The formidable — yet no less significant — older sister of Drabble, A.S. Byatt is perhaps the most important literary novelist of the twentieth century. A bibliomaniac by trade, Byatt has produced a wealth of literature in homage to intellectual creativity, social politics and the very act of reading. Also a graduate of Cambridge, Byatt strived to establish herself as an autonomous literary figure — apart from both the wealth of male critics and writers who were her co-equals, as well as her sister Margaret. Having been raised in a high-achieving household, the two women were constantly at odds with one another, and as such Byatt’s work was fueled by an equal desire to out-prove her sister. Motivated by a longing to get at the very heart of scholarship, Byatt immersed herself in literature, reading the work of literary giants such as Lawrence and Coleridge. She herself produced several novels while studying at University, and since then has always seemed to share an affinity with those whom she read at an early, impressionable age. As a writer, Byatt was concerned with the question of history, and its influence on the novel. Her books overflow with dates, chronologies and actual historical events. Her characters concern themselves with the paths taken by their predecessors, ancestors, and those whom they greatly admire. Byatt’s award-winning masterwork, Possession: A Romance, deals with just that: driven by a thirst for history and an obsession for the eroticism of the written word, Roland Mitchell and Maud Bailey comb through the past in order to unearth a hidden romance between two Victorian-era poets. Truly a book of suspense, Byatt weaves seamlessly between the past of age-old infatuations and modern-day mysteries, unfolding for her readers a tale of books and libraries, of passion and pathos. It is this interest in the literary that makes Byatt one of England’s greatest thinkers, artists and, above all else, writers.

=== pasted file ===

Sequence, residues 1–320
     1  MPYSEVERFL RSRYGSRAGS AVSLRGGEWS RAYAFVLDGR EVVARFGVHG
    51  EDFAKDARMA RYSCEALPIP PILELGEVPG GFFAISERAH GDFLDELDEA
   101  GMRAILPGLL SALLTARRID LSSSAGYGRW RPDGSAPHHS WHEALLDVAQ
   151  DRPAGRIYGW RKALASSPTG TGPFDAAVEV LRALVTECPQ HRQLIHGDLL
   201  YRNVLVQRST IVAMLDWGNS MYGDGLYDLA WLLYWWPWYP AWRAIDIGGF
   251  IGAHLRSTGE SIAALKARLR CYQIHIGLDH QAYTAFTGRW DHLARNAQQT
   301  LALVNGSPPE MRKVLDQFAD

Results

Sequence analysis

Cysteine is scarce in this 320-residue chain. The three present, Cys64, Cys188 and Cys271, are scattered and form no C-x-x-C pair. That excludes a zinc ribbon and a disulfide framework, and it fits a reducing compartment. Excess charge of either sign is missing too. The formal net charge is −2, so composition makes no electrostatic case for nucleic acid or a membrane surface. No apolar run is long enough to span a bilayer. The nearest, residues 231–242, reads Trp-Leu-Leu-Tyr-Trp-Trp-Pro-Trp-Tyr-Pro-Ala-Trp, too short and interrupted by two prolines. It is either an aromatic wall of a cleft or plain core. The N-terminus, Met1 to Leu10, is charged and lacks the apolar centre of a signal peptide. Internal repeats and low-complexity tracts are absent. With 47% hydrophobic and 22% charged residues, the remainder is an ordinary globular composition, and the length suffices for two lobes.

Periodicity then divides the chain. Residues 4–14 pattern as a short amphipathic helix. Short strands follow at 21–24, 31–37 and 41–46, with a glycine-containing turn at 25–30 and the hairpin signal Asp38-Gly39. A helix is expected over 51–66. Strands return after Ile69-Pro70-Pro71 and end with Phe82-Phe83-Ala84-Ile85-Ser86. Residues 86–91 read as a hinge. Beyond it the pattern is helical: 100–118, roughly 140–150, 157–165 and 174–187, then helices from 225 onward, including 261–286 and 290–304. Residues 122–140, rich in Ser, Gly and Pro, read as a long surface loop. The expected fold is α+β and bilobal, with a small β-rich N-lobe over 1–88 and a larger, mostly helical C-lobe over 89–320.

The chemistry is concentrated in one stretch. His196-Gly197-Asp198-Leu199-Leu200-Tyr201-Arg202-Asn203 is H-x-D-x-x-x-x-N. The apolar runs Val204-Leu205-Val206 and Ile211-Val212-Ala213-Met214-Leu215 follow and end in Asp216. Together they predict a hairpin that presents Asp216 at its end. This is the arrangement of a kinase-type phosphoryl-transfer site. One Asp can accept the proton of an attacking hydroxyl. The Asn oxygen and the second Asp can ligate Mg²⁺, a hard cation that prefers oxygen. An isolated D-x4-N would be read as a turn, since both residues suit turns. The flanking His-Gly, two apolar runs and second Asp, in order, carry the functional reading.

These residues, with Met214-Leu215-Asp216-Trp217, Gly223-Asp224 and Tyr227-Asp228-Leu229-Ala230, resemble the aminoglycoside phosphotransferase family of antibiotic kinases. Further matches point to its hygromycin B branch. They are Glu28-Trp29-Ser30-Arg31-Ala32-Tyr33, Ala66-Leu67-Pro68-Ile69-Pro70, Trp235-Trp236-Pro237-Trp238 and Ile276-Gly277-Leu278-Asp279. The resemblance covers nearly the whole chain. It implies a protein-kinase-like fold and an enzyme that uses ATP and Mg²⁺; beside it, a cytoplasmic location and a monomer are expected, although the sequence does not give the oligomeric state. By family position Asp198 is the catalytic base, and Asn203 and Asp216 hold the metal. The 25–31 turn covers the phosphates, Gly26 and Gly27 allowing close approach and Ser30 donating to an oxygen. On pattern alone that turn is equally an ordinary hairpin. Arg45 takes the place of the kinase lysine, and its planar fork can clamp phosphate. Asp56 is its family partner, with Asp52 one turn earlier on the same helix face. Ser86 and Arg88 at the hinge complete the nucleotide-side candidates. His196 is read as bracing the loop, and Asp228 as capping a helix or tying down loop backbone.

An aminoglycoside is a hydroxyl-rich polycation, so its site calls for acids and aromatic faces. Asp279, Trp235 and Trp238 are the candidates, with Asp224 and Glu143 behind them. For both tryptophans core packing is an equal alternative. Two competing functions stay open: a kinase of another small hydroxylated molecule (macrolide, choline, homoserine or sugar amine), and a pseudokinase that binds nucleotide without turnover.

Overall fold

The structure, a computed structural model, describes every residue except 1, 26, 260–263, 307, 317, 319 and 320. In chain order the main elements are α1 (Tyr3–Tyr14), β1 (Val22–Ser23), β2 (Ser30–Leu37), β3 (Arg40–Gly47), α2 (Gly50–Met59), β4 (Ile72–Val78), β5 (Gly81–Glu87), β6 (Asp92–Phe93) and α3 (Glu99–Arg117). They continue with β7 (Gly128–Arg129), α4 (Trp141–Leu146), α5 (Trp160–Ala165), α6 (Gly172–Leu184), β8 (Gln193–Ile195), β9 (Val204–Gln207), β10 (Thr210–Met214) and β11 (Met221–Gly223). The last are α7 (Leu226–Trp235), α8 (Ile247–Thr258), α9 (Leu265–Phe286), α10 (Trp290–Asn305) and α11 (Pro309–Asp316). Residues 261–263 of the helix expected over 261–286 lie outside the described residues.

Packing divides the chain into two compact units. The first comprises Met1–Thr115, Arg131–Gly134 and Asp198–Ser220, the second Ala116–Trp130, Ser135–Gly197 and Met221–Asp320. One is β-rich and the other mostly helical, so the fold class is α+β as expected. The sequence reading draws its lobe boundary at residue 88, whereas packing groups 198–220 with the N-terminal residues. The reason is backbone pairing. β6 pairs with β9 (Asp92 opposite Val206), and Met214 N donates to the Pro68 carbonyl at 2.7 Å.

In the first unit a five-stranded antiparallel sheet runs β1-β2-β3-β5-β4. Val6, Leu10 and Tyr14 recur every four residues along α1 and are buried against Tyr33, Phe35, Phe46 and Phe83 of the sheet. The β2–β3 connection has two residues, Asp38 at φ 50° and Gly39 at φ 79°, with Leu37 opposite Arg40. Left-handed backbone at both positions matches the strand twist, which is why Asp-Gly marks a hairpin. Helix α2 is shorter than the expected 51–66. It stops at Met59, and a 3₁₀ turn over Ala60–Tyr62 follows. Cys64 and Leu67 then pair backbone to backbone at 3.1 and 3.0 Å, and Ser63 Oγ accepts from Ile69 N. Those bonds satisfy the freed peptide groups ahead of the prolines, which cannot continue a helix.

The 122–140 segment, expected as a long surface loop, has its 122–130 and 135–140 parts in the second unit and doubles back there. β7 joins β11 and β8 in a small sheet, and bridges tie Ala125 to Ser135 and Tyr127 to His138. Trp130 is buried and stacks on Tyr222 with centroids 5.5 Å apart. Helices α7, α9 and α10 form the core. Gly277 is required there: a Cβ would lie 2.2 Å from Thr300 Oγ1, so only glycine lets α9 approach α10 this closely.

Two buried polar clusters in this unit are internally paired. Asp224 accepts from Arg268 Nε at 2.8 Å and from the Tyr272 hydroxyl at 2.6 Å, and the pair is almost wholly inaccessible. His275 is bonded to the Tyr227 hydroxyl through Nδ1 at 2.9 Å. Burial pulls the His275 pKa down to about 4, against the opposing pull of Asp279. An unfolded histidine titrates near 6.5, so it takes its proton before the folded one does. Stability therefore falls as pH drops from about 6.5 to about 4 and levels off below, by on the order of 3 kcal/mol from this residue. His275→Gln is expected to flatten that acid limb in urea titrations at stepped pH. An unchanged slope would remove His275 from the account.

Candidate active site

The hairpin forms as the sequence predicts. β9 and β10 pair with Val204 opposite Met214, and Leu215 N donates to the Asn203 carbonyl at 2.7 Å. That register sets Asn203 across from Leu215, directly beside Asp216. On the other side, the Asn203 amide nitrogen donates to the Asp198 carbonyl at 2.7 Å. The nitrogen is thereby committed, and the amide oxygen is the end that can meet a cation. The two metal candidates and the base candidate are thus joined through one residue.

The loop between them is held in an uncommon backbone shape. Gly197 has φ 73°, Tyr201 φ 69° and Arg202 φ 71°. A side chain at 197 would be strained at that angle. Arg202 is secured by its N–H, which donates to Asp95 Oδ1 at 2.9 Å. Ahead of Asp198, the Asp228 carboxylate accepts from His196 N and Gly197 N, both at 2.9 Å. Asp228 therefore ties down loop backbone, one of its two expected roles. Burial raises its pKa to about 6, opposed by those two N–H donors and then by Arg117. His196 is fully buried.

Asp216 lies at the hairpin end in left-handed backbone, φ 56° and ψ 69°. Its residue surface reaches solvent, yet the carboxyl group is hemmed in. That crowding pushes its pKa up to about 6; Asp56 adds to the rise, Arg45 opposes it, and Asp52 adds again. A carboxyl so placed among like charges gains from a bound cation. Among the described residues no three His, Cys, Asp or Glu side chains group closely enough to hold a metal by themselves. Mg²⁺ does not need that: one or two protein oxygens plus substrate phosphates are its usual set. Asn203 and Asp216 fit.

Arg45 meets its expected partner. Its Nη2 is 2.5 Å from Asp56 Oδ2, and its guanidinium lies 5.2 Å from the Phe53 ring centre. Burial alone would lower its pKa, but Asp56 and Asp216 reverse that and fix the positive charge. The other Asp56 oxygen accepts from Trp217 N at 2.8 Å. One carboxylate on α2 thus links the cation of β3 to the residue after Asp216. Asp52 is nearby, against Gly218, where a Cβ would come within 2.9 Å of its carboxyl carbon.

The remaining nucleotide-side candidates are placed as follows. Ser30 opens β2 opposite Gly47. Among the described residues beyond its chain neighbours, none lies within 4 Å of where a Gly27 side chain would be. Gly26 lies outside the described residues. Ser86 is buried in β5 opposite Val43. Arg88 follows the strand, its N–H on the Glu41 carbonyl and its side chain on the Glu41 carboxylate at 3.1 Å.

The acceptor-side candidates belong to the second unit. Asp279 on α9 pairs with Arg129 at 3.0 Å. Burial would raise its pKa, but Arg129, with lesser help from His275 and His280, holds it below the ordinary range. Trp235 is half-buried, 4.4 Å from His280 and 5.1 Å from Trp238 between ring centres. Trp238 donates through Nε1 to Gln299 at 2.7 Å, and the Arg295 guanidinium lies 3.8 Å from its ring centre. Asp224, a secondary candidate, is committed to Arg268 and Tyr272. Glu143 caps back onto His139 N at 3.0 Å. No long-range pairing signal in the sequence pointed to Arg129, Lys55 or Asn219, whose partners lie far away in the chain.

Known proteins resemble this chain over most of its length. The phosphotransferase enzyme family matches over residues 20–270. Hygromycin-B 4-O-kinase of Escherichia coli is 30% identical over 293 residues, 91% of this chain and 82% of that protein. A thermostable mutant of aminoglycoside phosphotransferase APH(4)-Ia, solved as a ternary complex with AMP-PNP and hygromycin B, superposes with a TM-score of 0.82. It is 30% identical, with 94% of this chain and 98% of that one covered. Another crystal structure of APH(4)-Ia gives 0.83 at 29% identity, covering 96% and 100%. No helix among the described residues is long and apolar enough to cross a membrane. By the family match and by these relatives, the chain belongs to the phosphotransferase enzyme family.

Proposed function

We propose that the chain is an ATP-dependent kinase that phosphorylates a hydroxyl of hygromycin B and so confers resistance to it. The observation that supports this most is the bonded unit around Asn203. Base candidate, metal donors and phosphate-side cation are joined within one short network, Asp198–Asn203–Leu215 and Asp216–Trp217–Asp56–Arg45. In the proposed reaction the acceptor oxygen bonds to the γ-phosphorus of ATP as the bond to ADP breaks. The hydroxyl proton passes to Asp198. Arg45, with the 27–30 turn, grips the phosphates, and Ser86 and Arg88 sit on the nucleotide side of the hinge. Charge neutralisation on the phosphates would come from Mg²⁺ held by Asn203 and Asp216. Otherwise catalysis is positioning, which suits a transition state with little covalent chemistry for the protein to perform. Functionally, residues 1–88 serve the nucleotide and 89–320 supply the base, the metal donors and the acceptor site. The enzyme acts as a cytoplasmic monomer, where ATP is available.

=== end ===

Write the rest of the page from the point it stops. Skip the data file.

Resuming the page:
Experiencing sensational success right from the get-go, Smith’s debut novel White Teeth was highly sought after by several different publishing houses. Set in 70′s England, the novel recounts the eventful friendship of two WWII vets, Samad Iqbal and Archie Jones. Focusing on racial tensions, mixed marriages, and other sorts of hot-button issues, Smith’s novel brings the issues of history, seen in the work of Byatt, into the 21st century, toeing the line between tradition and liberality. Smith followed this novel up with a less-successful work, The Autographed Man, and then produced what is perhaps her best novel, On Beauty, a re-imagining of Forster’s novel of class, Howard’s End. Exploring similar themes raised in White Teeth, Zadie Smith navigates the cultural circles of modern-day London with verve and wry wit. She quite effectively transfers the concerns of Forster’s crowd of the 1920′s to the early 2000′s, while maintaining a fresh, revitalizing perspective on what it means to be an intellectual in the buzzing metropolis. Both a comedy of manners as well as a sort of anti-romance, On Beauty is astute and timeless. More recently, Smith has come out with a collection of essays, Changing My Mind, and a new novel, NW.